But software is another matter. You're on a locked platform, and will only be able to use the games and applications Sony allows. Forget the opportunity to bring older games like Bioshock to a whole new level in VR (which, by the way, works surprisingly well). You'll get what you're given, and even if you forget how dedicated Sony was to 3D on the PS3 just a few years ago, you'll still be spending hundreds on hardware where the software support simply doesn't exist yet, and even if it does in future, Sony can pull the plug again (like OtherOS, or the Vita).

    To answer your other question about what you need to buy, some titles just use the DS4 controller, so you should be OK with just your PS4 and the headset, but you'll need Move controllers for some other games. And I wouldn't be surprised if there's some unconvincing reason you'll need to be tethered to PSPlus (which would, of course, then make PSVR the most expensive VR option).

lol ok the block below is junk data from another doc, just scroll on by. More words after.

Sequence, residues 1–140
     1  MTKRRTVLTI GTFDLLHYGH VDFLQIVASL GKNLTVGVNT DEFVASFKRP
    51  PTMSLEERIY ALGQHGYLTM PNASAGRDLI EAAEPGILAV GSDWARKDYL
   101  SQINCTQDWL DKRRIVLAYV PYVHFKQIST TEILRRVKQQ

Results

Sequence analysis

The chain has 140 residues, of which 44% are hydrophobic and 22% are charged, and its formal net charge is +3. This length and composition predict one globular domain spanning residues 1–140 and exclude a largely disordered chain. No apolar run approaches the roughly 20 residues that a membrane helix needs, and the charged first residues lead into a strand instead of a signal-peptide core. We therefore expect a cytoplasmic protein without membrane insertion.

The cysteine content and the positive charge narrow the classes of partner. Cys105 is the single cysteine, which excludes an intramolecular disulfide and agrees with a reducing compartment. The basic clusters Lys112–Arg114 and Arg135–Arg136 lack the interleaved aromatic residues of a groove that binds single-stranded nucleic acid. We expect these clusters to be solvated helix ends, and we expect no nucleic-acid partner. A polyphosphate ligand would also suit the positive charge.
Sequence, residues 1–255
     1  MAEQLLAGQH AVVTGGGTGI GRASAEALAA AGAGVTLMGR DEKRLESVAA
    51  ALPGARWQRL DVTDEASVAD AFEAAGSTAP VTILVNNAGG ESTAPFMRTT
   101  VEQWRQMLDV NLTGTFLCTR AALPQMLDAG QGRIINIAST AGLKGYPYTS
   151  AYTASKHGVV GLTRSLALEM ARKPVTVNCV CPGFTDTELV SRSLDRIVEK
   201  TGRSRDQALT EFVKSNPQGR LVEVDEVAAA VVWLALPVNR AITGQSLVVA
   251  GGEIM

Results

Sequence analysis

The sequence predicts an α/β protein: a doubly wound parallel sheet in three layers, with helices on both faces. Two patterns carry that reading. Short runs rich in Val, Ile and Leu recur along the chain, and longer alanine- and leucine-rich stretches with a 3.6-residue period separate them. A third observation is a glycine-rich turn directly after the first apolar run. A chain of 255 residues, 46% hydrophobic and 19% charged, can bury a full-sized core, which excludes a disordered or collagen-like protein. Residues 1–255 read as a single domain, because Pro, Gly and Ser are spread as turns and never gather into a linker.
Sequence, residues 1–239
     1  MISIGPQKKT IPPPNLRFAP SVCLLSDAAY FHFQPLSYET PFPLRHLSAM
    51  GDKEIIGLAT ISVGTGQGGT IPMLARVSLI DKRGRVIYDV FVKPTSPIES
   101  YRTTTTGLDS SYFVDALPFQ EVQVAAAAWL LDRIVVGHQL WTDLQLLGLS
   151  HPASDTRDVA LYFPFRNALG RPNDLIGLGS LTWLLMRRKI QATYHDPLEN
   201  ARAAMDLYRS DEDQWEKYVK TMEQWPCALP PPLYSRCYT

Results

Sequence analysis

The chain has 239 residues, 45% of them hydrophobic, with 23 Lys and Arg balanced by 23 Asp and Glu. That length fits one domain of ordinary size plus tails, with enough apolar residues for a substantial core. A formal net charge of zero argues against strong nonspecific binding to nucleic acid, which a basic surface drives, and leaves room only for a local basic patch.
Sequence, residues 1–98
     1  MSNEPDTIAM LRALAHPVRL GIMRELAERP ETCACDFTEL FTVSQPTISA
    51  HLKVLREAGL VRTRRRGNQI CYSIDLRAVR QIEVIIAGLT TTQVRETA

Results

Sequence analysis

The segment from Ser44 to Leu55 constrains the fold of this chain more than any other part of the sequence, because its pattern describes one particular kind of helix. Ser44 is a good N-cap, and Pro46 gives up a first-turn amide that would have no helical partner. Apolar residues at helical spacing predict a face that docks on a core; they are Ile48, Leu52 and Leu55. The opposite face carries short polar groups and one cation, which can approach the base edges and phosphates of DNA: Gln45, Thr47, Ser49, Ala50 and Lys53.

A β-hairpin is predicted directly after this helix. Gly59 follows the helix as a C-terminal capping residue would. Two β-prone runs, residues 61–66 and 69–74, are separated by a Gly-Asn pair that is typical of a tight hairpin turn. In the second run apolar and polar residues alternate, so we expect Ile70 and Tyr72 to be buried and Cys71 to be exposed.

But if you don't have any specific games or experiences you're interested in, why bother anyway?
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  • AG47AG47 Forumite
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    Do we know price or release dates yet?
    Nothing has been fixed since 2008, it was just pushed into the future
  • Johnmcl7Johnmcl7 Forumite
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    AG47 wrote: »
    Do we know price or release dates yet?

    I don't think there's been anything official released by Sony, retailer leaks have suggested Autumn this year and leaked prices have varied.